Galesburg Register-Mail from Galesburg, Illinois on September 10, 1963 · Page 2
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Galesburg Register-Mail from Galesburg, Illinois · Page 2

Galesburg, Illinois
Issue Date:
Tuesday, September 10, 1963
Page 2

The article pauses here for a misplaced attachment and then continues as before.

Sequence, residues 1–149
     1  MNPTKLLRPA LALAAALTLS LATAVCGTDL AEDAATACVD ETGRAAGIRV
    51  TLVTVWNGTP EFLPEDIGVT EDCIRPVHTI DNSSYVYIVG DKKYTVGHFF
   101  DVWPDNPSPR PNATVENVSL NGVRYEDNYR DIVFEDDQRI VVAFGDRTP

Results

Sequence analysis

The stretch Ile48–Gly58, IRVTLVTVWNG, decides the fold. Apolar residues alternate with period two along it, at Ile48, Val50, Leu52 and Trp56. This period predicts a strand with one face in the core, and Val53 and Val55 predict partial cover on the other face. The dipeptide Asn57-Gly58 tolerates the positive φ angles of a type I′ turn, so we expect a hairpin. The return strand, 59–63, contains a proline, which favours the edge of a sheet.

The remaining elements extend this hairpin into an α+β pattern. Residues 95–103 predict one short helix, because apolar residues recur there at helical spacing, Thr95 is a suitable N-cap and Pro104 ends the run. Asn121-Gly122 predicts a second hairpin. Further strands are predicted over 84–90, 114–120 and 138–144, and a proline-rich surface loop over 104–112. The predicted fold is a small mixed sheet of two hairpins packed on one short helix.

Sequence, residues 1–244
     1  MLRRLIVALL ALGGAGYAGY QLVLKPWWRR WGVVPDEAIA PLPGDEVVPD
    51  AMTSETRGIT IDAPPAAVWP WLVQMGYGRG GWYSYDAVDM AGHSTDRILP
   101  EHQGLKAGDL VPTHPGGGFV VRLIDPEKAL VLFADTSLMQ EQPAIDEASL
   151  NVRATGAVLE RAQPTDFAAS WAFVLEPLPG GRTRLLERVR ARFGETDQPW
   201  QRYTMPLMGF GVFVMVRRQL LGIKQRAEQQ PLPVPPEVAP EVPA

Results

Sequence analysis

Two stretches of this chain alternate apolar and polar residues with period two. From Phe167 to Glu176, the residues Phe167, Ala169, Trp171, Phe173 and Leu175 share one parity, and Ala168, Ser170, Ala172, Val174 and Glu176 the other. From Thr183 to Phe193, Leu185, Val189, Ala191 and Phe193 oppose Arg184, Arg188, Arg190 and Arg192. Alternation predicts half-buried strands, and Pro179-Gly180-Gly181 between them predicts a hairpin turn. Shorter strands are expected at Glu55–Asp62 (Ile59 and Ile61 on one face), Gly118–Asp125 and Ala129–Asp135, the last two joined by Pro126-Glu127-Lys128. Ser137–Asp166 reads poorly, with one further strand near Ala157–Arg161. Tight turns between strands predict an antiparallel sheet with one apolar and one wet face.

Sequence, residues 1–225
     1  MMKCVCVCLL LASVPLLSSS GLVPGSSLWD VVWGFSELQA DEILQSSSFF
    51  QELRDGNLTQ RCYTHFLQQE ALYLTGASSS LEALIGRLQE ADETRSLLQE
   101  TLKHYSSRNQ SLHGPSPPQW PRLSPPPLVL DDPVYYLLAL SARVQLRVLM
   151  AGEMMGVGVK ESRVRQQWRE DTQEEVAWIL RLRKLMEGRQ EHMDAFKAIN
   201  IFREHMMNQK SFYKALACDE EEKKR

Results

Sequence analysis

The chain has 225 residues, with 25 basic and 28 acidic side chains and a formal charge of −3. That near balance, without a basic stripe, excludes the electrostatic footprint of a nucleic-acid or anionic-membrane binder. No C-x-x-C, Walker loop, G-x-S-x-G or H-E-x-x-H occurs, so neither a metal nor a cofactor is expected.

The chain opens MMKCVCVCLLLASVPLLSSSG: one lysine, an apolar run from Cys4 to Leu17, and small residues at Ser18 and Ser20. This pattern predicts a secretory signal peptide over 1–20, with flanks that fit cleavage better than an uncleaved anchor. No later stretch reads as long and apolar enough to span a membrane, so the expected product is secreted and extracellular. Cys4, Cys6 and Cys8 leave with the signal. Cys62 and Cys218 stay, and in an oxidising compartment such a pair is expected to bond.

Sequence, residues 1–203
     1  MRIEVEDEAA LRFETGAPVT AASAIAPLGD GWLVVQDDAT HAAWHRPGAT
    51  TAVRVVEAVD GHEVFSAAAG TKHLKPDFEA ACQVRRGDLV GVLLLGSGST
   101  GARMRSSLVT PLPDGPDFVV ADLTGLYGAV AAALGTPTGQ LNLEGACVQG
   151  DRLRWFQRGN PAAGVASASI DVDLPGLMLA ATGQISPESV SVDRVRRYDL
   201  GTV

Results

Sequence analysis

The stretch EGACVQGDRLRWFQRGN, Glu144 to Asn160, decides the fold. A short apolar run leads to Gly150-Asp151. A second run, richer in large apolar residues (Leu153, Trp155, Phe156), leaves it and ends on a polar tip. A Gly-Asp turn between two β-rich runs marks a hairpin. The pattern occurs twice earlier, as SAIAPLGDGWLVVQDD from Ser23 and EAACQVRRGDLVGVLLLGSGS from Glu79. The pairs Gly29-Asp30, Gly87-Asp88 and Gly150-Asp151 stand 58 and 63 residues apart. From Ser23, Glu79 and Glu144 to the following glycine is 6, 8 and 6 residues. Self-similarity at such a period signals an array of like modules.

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2 Galesburg Register-Mojl, Galesburg,111. Tuesday, Sept-, 10,1963 Dist. 205 May Ask Another Tax Vote For School Needs ' School District 205's continuing financial plight has caused the finance committee to call a meeting to study the possibility of holding another tax rate increase referendum. The committee meeting has been scheduled for Monday night at 7:30 at the board office. Lack of financial assistance from the state was listed by school officials as —' ' the reason for the study of another proposal to increase the education tax rate. The board did not indicate how much of an increase it would shoot for this time in the event it calls another referendum. The most recent proposal to increase the educational tax rale was soundly defeated in February. At this time the board asked for an increase of 35 cents in the rate from $1.25 to $1.60 per $100 assessed valuation. Stems From Veto Gov. Otto Kerner's recent veto of a proposal to increase state aid in Illinois schools from $252 to $297 per pupil triggered school officials in District 205 to consider another referendum. The proposed increase meant that the district would have received an additional $140,000 annually in aid. The governor said in a veto message that the state could not absorb the cost of the increase in the foundation level at the present time. Dr. Clifton Bell, superintendent of schools, previously described the governor's veto as a "sad blow to the plans of school administrators." There was the possibility, Dr. Bell said, that some of the educational programs curtailed or eliminated could have been reinstated had the governor approved the measure. Bell Speaks Of Need At last night's board meeting, Dr. Bell emphasized to school directors the necessity of additional funds, and urged the board to take appropriate action, without delay, on the recommendation concerning a tax rate referendum. No date was considered when the referendum could be held. Several aldermen on the Galesburg City Council have proposed that a referendum be held in ApriLoFhext year for the purpose of financing the removal of dead elm trees in the city. The Weather Key to Pag* 1 Wealher Slilp* Brown—Storm Yellow—Fair Red—Warm Blue—Cold NORTHERN ILLINOIS: Partly cloudy tonight and Wednesday. Some chance of thundershowers southwest tonight. Not much change in temperature. Low tonight lower 60s. High Wednesday in the 80s. IOWA: Partly cloudy to cloudy tonight with showers and thundershowers south and east tonight. Fair to partly cloudy Wednesday. Cooler south tonight. Low tonight near 60. High Wednesday in low 80s. CHICAGO AND VICINITY: Partly cloudy tonight. Low mid 60s. Wednesday partly • cloudy with little temperature change. High mid 80s. Thursday partly cloudy wilth little temperature change. GALESBURG AND VICINITY: Partly cloudy through Wednesday. Some chance of brief thundershowers tonight. Lows tonight in low 60s. Highs Wednesday in the 80s. LOCAL WEATHER Noon temperature. 75; morning's low, 64. Sky cloudy, wind calm. (Monday's maximum, 36; midnight, 73). Sun rose today at 6:35 a.m., sets at 7:18 p.m. Humidity, 81%. RIVER "STAGES St. Louie—0.8 rise 0.5. Beardstown—9.5 no change. Havana—5.7 rise 0.6. Peoria—11.8 no change, LaSalle—40.6 rise 0.1. Grafton—15.0 rise 0.1. Keokuk—2.5 no change. Dubuque—7.0 fall 0.1. Davenport—3.7 no change. Burlington—7.2 fall 0.1. At VA Hospital Richard. L. McCulloughof Oquawka is a patient at Veterans Hospital, Iowa City, Iowa. His address is 8E 15, Veterans Administration Hospital, Guilty Pleas Entered by 4 Defendants Four defendants who appeared before Judge Daniel J. Roberts Monday in Knox County Court entered pleas of guilty. Two of the four were charged with driving while intoxicated. Edward M. Burns, 53, of the Plaza Hotel, whose blood test result was reported as 0.27, with 0.15 the minimum accepted as an indication of intoxication, was fined $300, plus $37.30 costs. Unable to pay the fine and costs, Burns was committed to the county jail to lay out the sum at the rate of $5 a day. Gary A. Mercer, 21, of 1470 N. West St., whose test result was reported as 0.18, was fined $300, plus $35.30 costs as he previously had not been in the county jail. Burns, it was said today by Jack R. Kirkpatrick, assistant state's attorney, will be returned to court Wednesday morning. He told the judge Monday that he previously had not been convicted on a drunk driving charge. Kirkpatrick stated this morning, it was learned that Burns was in court last September on a DWI count, making Monday's action his second conviction. He could be sentenced to the Illinois State Farm, Kirkpatrick said, as a second offender. Requests for probation were made by defendants in two other cases, with the requests referred to Sheriff Max E. Jones for investigation and report. Donn R. Wallace, 26, of Lyons asked for probation following a plea of guilty to two charges, deception and possession of a bludgeon. The deception count involved a $52.31 check cashed at Custer Inn, while the bludgeon was said to have been a 9-inch piece of iron pipe, which had been wrapped with material to form the bludgeon. Also seeking probation was James B. Jackson, 23, of Sheffield, whose deception count listed a $5 check, drawn on the "Galesburg First Trust National Bank," and cashed at the Green Diamond, east of Knoxville. An information charging driving while intoxicated and leaving the scene of an accident was filed against Everett C. Anderson, 59, of 1046 E. Fremont St., who was arrested Saturday around 10 p. m., by city police. Tax Sticker Check Results In 18 Tickets Police reported that a Monday check of Galesburg-owned motor vehicles for new wheel tax stickers resulted in the issuance of 15 tickets for failure to display the new decals, while three tickets for the same violation were issued today. Chief William Miller announced Saturday that he had instructed police officers, to begirt the crackdown on wheel tax stickers Monday, after vehicle owners had one week of grace after the Sept. 1 deadline. Motorists ticketed for not having the new stickers face a $5 fine, plus $5 costs, in addition to having to buy the stickers. Records in the office of D. Paul Nolan, police magistrate, this morning listed six of the ticket recipients as having appeared and paid a total of $10 each, the six included Maynard F. Allen, 889 Lancaster St.; Robert L. Clark, 7 W. Main St.; Gertrude M. Herni- tet, 140 S. West St.; Dwight E. Eggers, 1091 N. West St.; Chester E. Griffith, 1302 Frank. St., and Beverly Glendenroing, 453 E. Losey St. A continuance, with release on bond, was listed in the case of Robert R. Hart Jr., 3350 Morningside Dr., who was reported to have failed to pay parking meter violation tickets. Permitting a dog to run, loose was the charge on which a levy of $5 and $5 was assessed against Le-'er Rogers, 1415 Rock Island Ave. Four of the cases on the magistrate's records involved speeding charges. These ' eluded Stella A. Gerk, 1183 Lancaster St., $10 and $5, with a similar amount paid by William G. Cox, Galesburg State Research Hospital; James P. Churn, 705 Michigan Ave., and Anthony M:ndez, 925 S. Cedar St., each $15 and $5. Failure to yield the right-of- way was the charge on which Kathryn H. Williams, Broadview Hotel, was fined $10, plus $5 costs, Caesar Haircut Is New Style In Hutchinson HUTCHINSON, Kan., (AP) Are teen-age boys giving up crew cuts and duck-tail hair styles? Hutchinson barbers report the newest fad is something called the Caesar cut — named for the style shown on marble busts of that old Roman, Julius Caesar. The hair is cut short, combed forward from the crown to hang over the forehead in the form of bangs. "It's easy to handle — that's why they wear them I guess," said barber Tony Entz. 'A' Rating Assured for Bond Issue Knox County's minimum rating in connection with a bond issue for the proposed new Knox County Nursing Home, according to an expert for Municipal Research Associates, would be no less than "A," the Knox County Board of Supervisors was told this morning. Supervisors heard an account of the county's financial rating status in a talk by Franklin Gustine, co-chairman of the finance committee <•/ the Citizens Advis-> ory Committee for a New Knox County Nursing Home. H. James Hardine, also co-chairman of the finance committee, was unable to be present at this morning's session. There is a possibility, based on the Municipal Research Associates report, that the county's rating would be "AA," Gustine related. The committee's source of information quoted the per cent of interest to be paid on bonds as slightly under 3 for "A" rating and the possibility of 2.78 for "AA" rating. Based on these figures, the supervisors were told, the maximum tax rate would be 5 per cent per $100 of assessed valuation and with Hill-Burton funds there would be a possibility of a rate of 3.3 cents per $100 assessed v. luation. These figures, it was stated, were based on a 3 per cent interest rate, with the possibility the figure would be less due to the statement on the county's rating. Figures, Gustine indicated, were based on an estimated cost of $1,800,000 for the proposed new nursing home. The 5-cent tax rate would produce a tax increase of $5 on property having an assessed value of $10,000, with this figure taking into consideration that the assessed valuation is 60 per cent of full, fair cash value, Gustine said. The figure could be $3.30 for a property assessed at $10,000, the co-chairman said. In order to establish financial rating with Moody's and Standard and Poor, Gustine told the supervisors, it will be necessary to submit a financial statement and study of present county conditions. Cuba's Largest Sugar Mill Is Bombed by Air HAVANA (UPI) - Cuba's biggest sugar mill was bombed at dawn Sunday but antiaircraft guns prevented raids on two Cuban cities that night, the Castro government said Monday night. A release handed out shortly before midnight said a plane "from the north" dropped five 50-pound bombs on the Brazil (Jaronu) sugar mill at 4:30 a.m. Sunday, damaging one building but causing no casualties. County Home Plan Contract Is Authorized A resolution empowering the chairman of the Knox County Board of Supervisors to sign a contract with the architects for the proposed county nursing home hit a snag today, but after a lengthy hassle was passed. In the regular September meeting in the courthouse, State's Atty. Donald C. Woolsey presented the resolution and the contract and urged its passage to get the project under way. But Charles W. Reeder of Abingdon objected to the resolution because he said too much money was involved that the firm of West & Weber would get and "I won't give approval for someone to sign a contract for that much because I'm a hard-headed Dutchman." Woolsey pointed out that the county stands to lose only $1,000 if the referendum on the nursing home fails, and that the federal government will underwrite the architects' work with a $63,000 loan. "It is not our special duty to protect the funds of the federal government in this contract," he said, "although we indeed are members of two countries, so to speak, in this instance. But I doubt the U. S. government will give something away for nothing." Call Plan Essential Ralph Anderson and Dale Doubet, members of the nursing home committee, told the board that the contract had to be signed so the architects could draw up a preliminary plan. Then the federal government can loan the $63,000 for plans and specifications. These plans must be completed before any referendum is held in the county to determine whether voters will approve the bond issue for the home or not. If the referendum is passed, then the county will repay the federal government the $63,000. If the referendum fails the federal government will not get the money back; and the county is out only $1,000 of its own money, Anderson said. The $1,000 will be used to pay for a schematic drawing of the home, Doubet pointed out, which will get the project under way. Anderson said the project is now on a time schedule, and time cannot be wasted. After the debate, Chairman D. Reece Jones called for a voice vote, and no dissenting votes were heard. Decries State Pressure Doubet earlier told board members that he did not like to see the state accused of forcing the county to build the home, as has been suggested. "This is a matter whether the people of Knox (Continued on Page 15) Hungerford's Resignation Rejected Teachers Employed The case of Robert Hungerford, former business education instruc tor at the high school, whose res^ ignation was not accepted, was discussed by District 205 school directors Monday night. Hungerford left the district in August to accept a college posi tion in Phoenix, Ariz. He signed a contract, then broke it shortly before the school term. This, school authorities said, constituted a breach of contract. Administrators said they were left with very little time to find a replacement. The law says that a teacher cannot legally resign after July 1 without board of education Just A Reminder Good Folk's of Yotes City and Maquon Area HELP THROUGH RED CROSS BLOOD SAVES MVIS The' Bloodmobile will visit Yates City this week. WHEN . . . September 11th WHERE , . . Yates City Community Hall Operation Hours .., 11:00 to 6 P.M. Help Red Cross Celebrate the 100th Anniversary of the Red Cross Movement Thanks; to &e Yates City officials for the use of the Community gaU. To the Yates City Senior Womans Club in charge of the Ifloodmobile visit, and to the Yates City Junior Woman's Club in charge of Wood Donor recruitment, Support these fine clubs making this a banner day. KNOX COUNTY REGIONAL BLOOD (ENTER consent. The board never approved his resignation. Hungerford had previously said that he was moving to Arizona because of the health of one of his children. The board instructed Atty. Joseph West to investigate the situation and to close the matter the best way possible. Replaces Hungerford Replacing Hungerford as business education instructor at the high school was Miss Dorothy Crosby, a graduate of Wartburg College at Waverly, Iowa, with a B. A. degree. She has had nine years teaching experience and her salary is $5,650. Miss Crosby was officially employed last night by the board. Five other teachers, already instructing, were officially employed last night. Wayne Beach was laired as a teacher of driver training at a salary of $5,800. He received his B. S. and M. S. degrees from Southern Illinois University. Mrs. George Ballard was employed as an elementary teacher at a salary of $5,000. She holds a B. S. degree from Northern Illinois University. Mrs. Carolyn Hughes was employed at Lombard Junior High School at a salary of $4,550. She holds a B. S. degree from Illinois State Normal University. Mrs. Carolyn Wilkins was employed as an elementary instructor. She received her 1 $S. degree from Western Illinois University and is salaried at $4,650. Mrs. Catherine Richfield was employed as an elementary teacher. She holds a B. S. degree from Knox College and is salaried at $4,550. Miss Nolan Coordinator A coordinator, teacher and part- time clerk-secretary were employed by the board to direct the licensed practical nurses program scheduled to be held Sept. 30 in one of the cottages on the Lombard junior High School campus. The program will be financed through funds provided by the Federal Manpower Development Training Act and through state funds. No local funds are used in the program. Miss Wilhelmina M. Nolan was employed as the coordinator of the program at a salary of $775 per month. She holds a B.S. degree in nursing education and was recently employed at Galesburg State Research Hospital. Mrs. Lois Hendricks was employed as a teacher of the program at a salary of $450 per month. She was graduated from the School of Nursing at Augustana Hospital in Chicago. She lias had previous experience in the field of nursing at the Galesburg Clinic, Cottage Hospital and Augustana Hospital in Chicago. Mrs. Marjorie Anderson was employed as a part-time clerk- secretary under the Manpower Development and Training Act at a salary of $90 per month. She is a former employe of District 205. Driver Change Made Board also accepted the resig­ nation of Earl Anderson, bus driver, and employed B. C. Dine as a replacement at a salary of $1,570. In other business, the board discussed removal of auditorium seats from the old high school building to be installed in the auditorium of the new high school. There is room for 800 more seats in the balcony of the auditorium, Dave Read, assistant superintendent in charge of finances said. The olJ seats, Read said, are in pretty good condition and • 'on't detract from the appearance of the new auditorium. FIGURE OUT MAZE OF WIRES—Harry Chapman (left), equipment engineer for Intra State Telephone Co., and Gene Larrcy, chief installer for Automatic Electric Co., look over what to the layman is a jumbled mass of wires. But they are busy in the new building located on N. Cherry Street installing direct distance dialing (DDD) equipment, which will be ready for use early in 1964. When the equipment is installed, mainline and two-party subscribers will be able to dial long distance station-to-station calls without the aid of an operator. Merchants Asked to Aid In Problem With the opening of school, retailers have been advised through the Illinois Retail Merchants Association to work with educators, parents and others in their communities to encourage young people to return to classes this fall. Hugh E. Muncy, IRMA executive vice president, through the association's weekly newsletter, points out, "Now is the time to look at employes and those who come for interviews. . .the 16, 17, 18-year-olds, and those who may be just 15. Help them to understand the classroom is where they belong if they haven't finished high school. Let them know that they will be worth more to you, to retailing and to themselves in years to come if they get that diploma just as soon <as possible." "Just visiting with school administrators may be a revelation to merchants," Muncy continued. "The drop-out problem is not confined to major cities or to low income areas." Merchants were further urged to become familiar with evening school programs and special vocational courses available in their communities in order to provide counseling help on "back - to - school." Retailers will be discussing opportunities, training, educational requirements and jobs with local school, community, business and parent groups during the forthcoming Careers in Retailing Week to be observed statewide Oct. 21-26. Visit in Galesburg Mr. and Mrs. Arthur D. Nelson and son John of Long Beach, Calif., formerly of Galesburg, are visiting in the home of Mr. and Mrs. John W. (Bill) Coffey, 344 E. Second St. Nelson is employed as a carpenter foreman on highway freeway system, Mrs. Nelson, the former Marg aret Coffey, is associated with the Long Beach Press-Telegram circulation department. and SIDEWALK Edging — Service NOW AVAILABLE WITH MODERN EQUIPMENT. Dial 342-0823. First 50 customers will be given on EXTRA 10% DISCOUNT. Colls received up to 9 p.m. 9th Annual ROTARY TRAVIIOO SERIES STAN MIDGLEY Tuesday, Dec. 3, 1963 "JEEP TRAILS THROUGH UTAH" Tickets Now On Slit Only *5 for all 6 Attractions On Sale At LINDSTROM'S C * E GROCERY and by ALL HOTARIANS. ROTARY CLUB of Galesburg Await Word On Returning Of Stickell Word was received early this afternoon by Sheriff Max E. Jones that Lawrence Stickell, former Galesburg attorney, had not yet furnished the $10,000 bond set late Monday afternoon by C. S. Bentley Pike, U. S. Commissioner, in Chicago. If bond is furnished, Stickell is to be turned over to Knox County and returned here for a hearing in county court. Jones said Deputy Hugh Allison who went to Chicago this morning advised him that Stickell had been given until 4 p.m. to make bond today. If bond was not made by that time, Jones said it was probable that the former local attorney would be returned to jail and Knox County authorities would have to return to Chicago Wednesday. Judge Daniel J. Roberts was in Cambridge this morning conducting court for Judge Conway Spanton who was on a Rock Island County Court assignment, but expected to return here in time for a hearing this afternoon should Stickell be returned. Early afternoon developments precluded the possibility of such a hearing this afternoon. Two attorneys contacted Judge Roberts Monday afternoon and it was indicated they sought to effect his release here on bond in order that he might arrange for the funds in the estate of Clara Beacham Swanson, for which he is executor. Judge Roberts indicated yesterday afternoon he would take no action on the attorneys' request (Continued on Page 15) Ozark Lists New Schedule For Flights Ozark Air Lines officials announced today the new schedule of flights which became effective Sept. 3. Flight 141 leaves Galesburg at 8:59 a.m., stops at Burlington and Quincy and arrives in St. Louis at 10:50 a.m. This flight operates every day except Saturday. Flight 140 leaves Galesburg at 9:06 a.m. and arrives in Chicago at 10:10 a.m. A non-stop flight, it will operate every day except Sunday. Flight 906 leaves Galesburg at 4:45 p.m., stops in Peoria, and arrives at O'Hare Field in Chicago at 6:10 p.m. This flight operates every day except Saturday. On Saturday only, Flight 690 will leave Galesburg at 6:39 p.m. and arrive non-stop in Chicago at 7:43 p.m. Flight 691 leaves Galesburg at 8:44 p.m., stops at Burlington and Quincy and arrives in St. Louis at 10:36 p.m. Southbound from Chicago, Flight 141 leaves Chicago at 7:45 a.m. and arrives in Galesburg at 8:54 a.m. This flight operates every day except Saturday. Flight 909 leaves Chicago at 3 p.m. and arrives in Galesburg at 4:36 p.m. and also operates every day except Saturday. On Saturday only, Flight 691 leaves Chicago at 7:30 p.m. and arrives in Galesburg at 8:39 p.m. All flights operate to and from O'Hare. Birth Record Born at Cottage Hospital to: Mr. and Mrs. R. Dean Hinderliter, 1427 Brown Ave., a girl Monday at 11:45 a.m. Mr. and Mrs. Charles W. Malcolm, Altona, a girl Monday at 11:37 p.m. HINCHLIFF v w e~ PEARSON FUNERAL HOMEon^ CHAPEL 287NORTH BROAD GAIESBUR C Continued Progress Hinchliff & Pearson service and Hinchliff & Pearson facilities are models for other funeral directing establishments. Families we serve find that progressive ideas become realities as we continually seek -v even better ways to serve the bereaved. one 313-2t0t i